Can You Show Proof of Insurance on Your Phone?

driving on the road
It’s not enough to just say you have car insurance. You’re going to have to prove it.

Proof of insurance is absolutely essential when you get into an accident; when you need to register your car (in many states); when you’re buying or leasing a car; when you get pulled over; and in other situations. We’ll tell you everything you need to know about proof of auto insurance, as well as what happens when you don’t have it.

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What is Proof of Insurance?

Proof of insurance is the documentation that shows you’re covered by an auto liability policy that meets your state’s minimum requirements.

Your proof may be the little card your insurance company sends you, or a printout, or a screen you show on your phone. It can even be an “insurance binder,” which is not a three-ring notebook but a temporary document that shows you’ve purchased a policy and are waiting to get your official proof of insurance.

Typically, the proof of insurance includes:

  • The name of your insurance company
  • The names of everyone insured on the policy
  • The vehicle(s) insured
  • The effective date and expiration date of your policy
  • The policy number

Is Electronic Proof of Insurance Legal in My State?

Probably! As of 2018, almost every state permits motorists to show electronic proof of insurance. Most recently, Connecticut voted to join that list. There are a few exceptions, however. Washington, D.C. still requires printed insurance cards. So does New Mexico, although the police in Albuquerque decided they would accept digital proof of insurance. (Massachusetts is an unusual case. There, you’re not required to carry an insurance card, because your insurance info is already printed on your car registration.)

If you do live in one of the states that allows mobile proof of insurance, then you should download your insurance company’s app right now. Then, make sure you know how to access your policy info quickly. If you get pulled over, you don’t want to spend five minutes fiddling with your phone, trying to remember your password while the state trooper’s waiting at your window. Some auto insurance apps enable quick login with fingerprint or face recognition, which might make your life easier. Others let you download your proof of insurance to keep on your phone.

The top car insurance companies all have robust apps that let you show proof of insurance and access other benefits, like roadside assistance. For smaller insurers, you should check the reviews before downloading. Some have buggy apps that don’t work reliably, which means you should also carry physical proof of insurance.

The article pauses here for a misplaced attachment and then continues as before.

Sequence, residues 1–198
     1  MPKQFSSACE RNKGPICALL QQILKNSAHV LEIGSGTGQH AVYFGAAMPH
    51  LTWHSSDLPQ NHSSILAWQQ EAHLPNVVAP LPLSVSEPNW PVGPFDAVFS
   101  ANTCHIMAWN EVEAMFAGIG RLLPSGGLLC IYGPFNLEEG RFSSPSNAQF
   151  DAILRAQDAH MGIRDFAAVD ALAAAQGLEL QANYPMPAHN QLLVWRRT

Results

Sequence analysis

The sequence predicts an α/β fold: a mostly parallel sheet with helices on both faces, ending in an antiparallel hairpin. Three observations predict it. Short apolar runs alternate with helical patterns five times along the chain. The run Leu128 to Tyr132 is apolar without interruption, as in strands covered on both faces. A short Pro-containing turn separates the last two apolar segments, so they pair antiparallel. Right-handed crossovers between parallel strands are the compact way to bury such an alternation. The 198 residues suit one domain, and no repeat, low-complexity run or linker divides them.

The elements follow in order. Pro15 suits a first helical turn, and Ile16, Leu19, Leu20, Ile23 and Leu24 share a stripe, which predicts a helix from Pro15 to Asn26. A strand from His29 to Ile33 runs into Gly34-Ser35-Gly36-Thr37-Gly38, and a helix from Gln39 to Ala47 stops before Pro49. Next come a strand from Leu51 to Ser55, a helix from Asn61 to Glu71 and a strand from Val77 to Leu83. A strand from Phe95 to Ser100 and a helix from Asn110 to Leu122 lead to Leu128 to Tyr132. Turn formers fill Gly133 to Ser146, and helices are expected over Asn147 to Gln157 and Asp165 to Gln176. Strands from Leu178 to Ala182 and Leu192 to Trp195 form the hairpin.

What happens if you don’t have proof of insurance — but you are insured?

Maybe you lost your insurance card. Or you stashed it in your glove compartment — and then you got pulled over while driving your mom’s car. Or your phone died. Or you forgot your phone.

There are dozens of reasons you might not have your proof of auto insurance when you need it. So, what happens then?

It depends on local laws, but usually, the police officer will write you a ticket for not having proof of insurance. You should plan to contest the ticket, either by mailing in a copy of your proof of insurance or by showing up for your court hearing with proof that you did have insurance on the date in question. The charges should be dropped, although you might have to pay a fine or court costs.

If you get a ticket for failing to provide proof of insurance, don’t forget to respond! Not only can the fines be steep (we’re talking hundreds of dollars), but in some states, your license and registration can be suspended or revoked if you don’t prove you have insurance within a specified time frame.

What if you do have proof of insurance, but your insurance has lapsed?

Here’s a common scenario: You purchase a six-month insurance policy. But you can’t afford the premiums, so the company cancels your policy. Your insurance ID card, however, still says you’re covered through the end of the year. So, are you cool?

Nope. Many states use an electronic insurance verification system, such as the Georgia Electronic Insurance Compliance System (GEICS), to catch uninsured drivers. This means they’ll run your name through their database, and if your car registration doesn’t match a current insurance policy, they’ll send you a warning and may charge you fines or fees.

It could take the state a few months to find out that you don’t have insurance, so you might be tempted to let it slide. Don’t! When you let your insurance lapse — even if it’s just for one day — you’ll end up paying higher rates in the future.

What Happens if You’re Driving Without Insurance?

If you don’t have car insurance, you’re not supposed to be driving, period. The penalties for driving without insurance vary by state but can include fines, the loss or suspension of your license and registration, vehicle impoundment and even jail time. Needless to say, these are not good things.

Find out what happens if you’re caught driving without insurance in your state.

If you’re caught without car insurance, the first thing you need to do is get insured. Compare.com can help! Find your cheapest car insurance options by comparing quotes from different insurers in your state. When you spot the best deal, just click to buy. In just minutes, you’ll have the coverage you need!

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